On the occasion of the centenary of Lucian Freud's birth, this book seeks to broaden our understanding of the artist and his working method through a variety of original essays and interviews with contemporary painters. Featuring artworks spanning the entirety of Freud's 70-year career, New Perspectives offers fresh insights into one of the 20th century's most renowned artists.
Lucian Freud. New Perspectives is published on the occasion of the exhibition jointly organised by the National Gallery, London, and the Museo Nacional Thyssen-Bornemisza, Madrid, marking the centenary of Lucian Freud's birth in 1922. By the time of his death in 2011, at the age of 88, Freud had become a powerful, incisive and sometimes controversial presence on the international art scene for more than six decades. Born in Berlin, Freud was the son of an architect father and a mother who had studied philology and art history; his grandfather was the founder of psychoanalysis, Sigmund Freud. In 1933, when Hitler came to power in Germany, Lucian Freud's family moved to London, so his career as a painter was spent in England. Once he had decided on his path as an artist, his commitment to painting and figuration was unwavering. This is the first retrospective of Freud's painting to be shown in two historic art museums and situates the artist both physically and conceptually within a narrative of painting and the representation of the human form that has evolved over the centuries. Freud's place within and contribution to this history is undoubtedly significant.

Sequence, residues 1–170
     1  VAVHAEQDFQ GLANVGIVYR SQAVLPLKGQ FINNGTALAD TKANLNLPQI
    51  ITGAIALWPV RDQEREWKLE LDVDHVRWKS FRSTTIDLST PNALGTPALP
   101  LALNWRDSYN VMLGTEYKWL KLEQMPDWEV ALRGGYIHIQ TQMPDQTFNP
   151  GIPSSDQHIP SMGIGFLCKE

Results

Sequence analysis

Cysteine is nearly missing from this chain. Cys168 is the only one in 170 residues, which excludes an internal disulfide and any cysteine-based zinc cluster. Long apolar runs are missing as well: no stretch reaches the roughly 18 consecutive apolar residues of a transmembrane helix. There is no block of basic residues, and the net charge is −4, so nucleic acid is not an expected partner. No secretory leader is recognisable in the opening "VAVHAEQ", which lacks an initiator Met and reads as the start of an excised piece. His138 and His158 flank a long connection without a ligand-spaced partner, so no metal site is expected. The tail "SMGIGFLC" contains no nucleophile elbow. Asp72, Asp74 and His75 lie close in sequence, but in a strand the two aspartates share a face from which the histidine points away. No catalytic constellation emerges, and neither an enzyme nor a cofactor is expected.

Authors: Daniel F. Herrmann with texts by Paloma Alarcó, David Dawson, Tracey Emin, Chantal Joffe, Christina Kennedy, Jutha Koether, Catherine Lampert, Maria H. Loh, Nicholas Penny, Gregory Salter, Jasper Sharp and Andrew Wilson.
Curators: Paloma Alarcó and Daniel F. Herrmann
Published by the Museo Nacional Thyssen-Bornemisza in collaboration with National Gallery Global.
Dimensions: 24 x 29 cm (W x H) 224 pages. Hardcover